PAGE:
The Samsung Wave II S8530 is a Bada OS smartphone with a 3.7in SLCD and a 5Mp camera. Here's our review.

Amidst all the brouhaha surrounding the more established mobile operating systems such as Android, iOS and Symbian, it's quite easy to forget Samsung's Bada OS, which powers the company's Wave line-up of phones. Bada devices may not have the application support that Apple and Android phones boast of, but it's definitely an OS that puts a high weight on usability.

In fact reviewers of the original Samsung Wave commended it for having the best touch experience since the iPhone 3GS. Let's see if the Samsung S8530 Wave II is a worthy successor.


The Samsung Wave II S8530 is a smartphone that runs the Bada OS v1.2 and has a 3.7in Super Clear LCD (SLCD) capacitive touchscreen with a resolution of 480x800 pixels. The Wave II has 2GB of internal storage and supports microSD cards up to 32GB. It is powered by a 1GHz ARM processor and a POWERVR SGX540 GPU and also has a 1500mAh battery.

You can shoot pictures using the Wave's 5Mp autofocus camera with LED flash, which can also record 720p HD videos at 30fps.

Samsung has given the Samsung Wave II S8530 plenty of connectivity options including Wi-Fi and 3G (HSDPA 3.6Mbps, HSUPA 2Mbps) support. It also supports GPS and uses the Samsung LBS app to provide navigation (you need to purchase the services if you plan to continue using the navigation feature beyond the trial period of 30 days).

As I mentioned earlier, the Wave II has access to the Samsung Apps store which, at the time of writing, had 5,439 apps available for download out of which 2,783 apps were free to download. It's pretty clear that the Samsung Apps store still has a long, long way to go before it can match the heights of the Apple App Store and the Android Market. Still, it's good to see the number of apps meant for Bada devices steadily increasing.

The Samsung Wave II comes pre-installed with the Palringo chat client that brings together some of the popular chat services such as Google Talk, Yahoo Messenger and Windows Live Messenger into one app so that you can chat with your friends without needing to switch apps.

Social networking is taken care of by the Social Hub app that lets you set up your Facebook and Twitter accounts so that you can be updated on the go.

Samsung mobile apps

Design and usability

With its big screen and glass-metal body, the Samsung S8530 Wave II certainly looks and feels like it costs more than it actually does. The Wave II is also deceptively light at 135g and slim (11.8mm), which makes it easy to carry around.

On paper, it's disappointing that unlike the original Wave, the Wave II doesn't sport an AMOLED display instead opting for an SLCD. However, the SLCD is good to look at too and is colourful and very sharp, maybe even more so than the AMOLED display. However, like the original Wave, the Wave 2's display loses some visibility under direct sunlight. Overall though, the screen might be one of the best things about the Wave II.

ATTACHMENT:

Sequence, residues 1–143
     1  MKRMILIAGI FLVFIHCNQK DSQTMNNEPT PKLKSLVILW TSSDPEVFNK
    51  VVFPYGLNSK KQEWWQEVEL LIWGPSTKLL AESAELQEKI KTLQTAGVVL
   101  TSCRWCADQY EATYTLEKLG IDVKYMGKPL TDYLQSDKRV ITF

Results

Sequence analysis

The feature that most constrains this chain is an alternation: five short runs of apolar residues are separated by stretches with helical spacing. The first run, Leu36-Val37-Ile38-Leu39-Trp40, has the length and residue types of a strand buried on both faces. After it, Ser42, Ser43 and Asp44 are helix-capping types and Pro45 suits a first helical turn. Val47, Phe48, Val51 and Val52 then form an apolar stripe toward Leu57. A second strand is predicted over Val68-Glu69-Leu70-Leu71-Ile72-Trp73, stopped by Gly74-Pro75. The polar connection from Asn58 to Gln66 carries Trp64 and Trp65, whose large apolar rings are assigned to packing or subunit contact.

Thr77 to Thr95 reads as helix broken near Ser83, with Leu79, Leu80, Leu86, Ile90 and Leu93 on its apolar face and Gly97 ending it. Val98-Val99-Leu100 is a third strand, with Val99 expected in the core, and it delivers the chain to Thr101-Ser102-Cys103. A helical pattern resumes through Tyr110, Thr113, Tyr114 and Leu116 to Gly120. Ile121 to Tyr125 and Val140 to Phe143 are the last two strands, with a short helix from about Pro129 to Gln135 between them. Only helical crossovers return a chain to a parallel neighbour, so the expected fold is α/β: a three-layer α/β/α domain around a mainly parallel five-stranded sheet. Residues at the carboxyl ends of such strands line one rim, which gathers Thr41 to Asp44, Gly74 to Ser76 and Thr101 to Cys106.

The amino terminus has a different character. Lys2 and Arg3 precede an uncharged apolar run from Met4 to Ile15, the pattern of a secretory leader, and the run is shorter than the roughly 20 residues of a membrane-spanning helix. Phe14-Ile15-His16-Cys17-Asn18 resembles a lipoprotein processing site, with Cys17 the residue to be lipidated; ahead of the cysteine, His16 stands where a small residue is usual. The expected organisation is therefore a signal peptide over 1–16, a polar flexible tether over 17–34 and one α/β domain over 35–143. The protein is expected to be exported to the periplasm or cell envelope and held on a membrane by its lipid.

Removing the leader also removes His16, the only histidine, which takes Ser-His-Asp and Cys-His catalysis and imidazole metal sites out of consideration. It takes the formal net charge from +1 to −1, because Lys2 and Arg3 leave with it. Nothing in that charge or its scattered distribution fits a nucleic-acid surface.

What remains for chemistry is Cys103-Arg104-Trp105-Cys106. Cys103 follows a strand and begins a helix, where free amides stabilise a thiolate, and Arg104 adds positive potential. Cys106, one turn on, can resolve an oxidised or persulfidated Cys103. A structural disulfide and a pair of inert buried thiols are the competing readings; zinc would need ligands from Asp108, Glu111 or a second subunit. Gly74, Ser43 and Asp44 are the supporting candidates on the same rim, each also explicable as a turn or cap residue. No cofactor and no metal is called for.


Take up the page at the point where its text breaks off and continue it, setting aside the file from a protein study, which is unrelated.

The Bada OS UI feels and operates like and enhanced and prettier version of the Android UI. The Wave II also has the advantage of the OS and UI being specifically tailored for the hardware which means that using the Wave II is great. The touch response on the Wave II is as good as on the iPhone 3GS, which is no small compliment. Thanks to the great touch response, the virtual keyboard is also accurate and the auto-correction works well.

My only complaint with the interface is that it only allows for pre-determined widgets on the home screens and unlike on Android, you can't have application shortcuts or folders on the home screens.

The Wave II also has a decent number of hardware buttons to aid in navigation. The presence of physical call accept and reject buttons is an intelligent design decision by Samsung, although I wish the Wave II also sported a 'one step back' button.

Browsing and multimedia

The Samsung S8530 Wave II's default browser is on par with the iOS and Android browsers in terms of features. Using the browser is a good experience with features such as pinch-to-zoom and 'highlight and copy' text. The good-looking display helps sites to look good on the phone and Samsung has wisely put usability to the fore by forsaking Flash support on the browser, which could have resulted in the phone slowing down.

The Wave II has a pretty good 5Mp autofocus camera that is quick to operate and focus. The images come out with a good level of clarity and details but surprisingly although they look colourful on the phone screen, they look quite dull on the computer monitor. In photos I shot indoors I noticed some noise creeping into the pictures but the autofocus ensured that there was virtually no blurring. The 720p videos recorded by the Wave II are excellent and they play at a crisp rate too.

The Samsung Wave II is especially suited for people who like a dash of extra bass in their music. However, if you want to change things around, the Wave II also has a bunch of sound customisation options. The default music player on the Wave II looks stylish and you can even choose from different visualisations to go with the music and even get the player to recommend tracks based on the one you're listening to.

The Wave II continues to impress even in video playback with support for most of the popular video formats including DivX/XviD. Our test videos looked great on the Wave II's display albeit, some of our test videos did have choppy playback.


There is no reason why at £244 the Samsung Wave II S8530 shouldn't be top contender for your next mid-range smartphone. Yes, it may not have a widely accepted mobile OS and the benefits that come with it but on its own, the Wave II is a very good smartphone. If you are one of the few people out there who don't care about what OS your phone is running and want a phone with great usability and impressive features, you won't go wrong with the Wave II.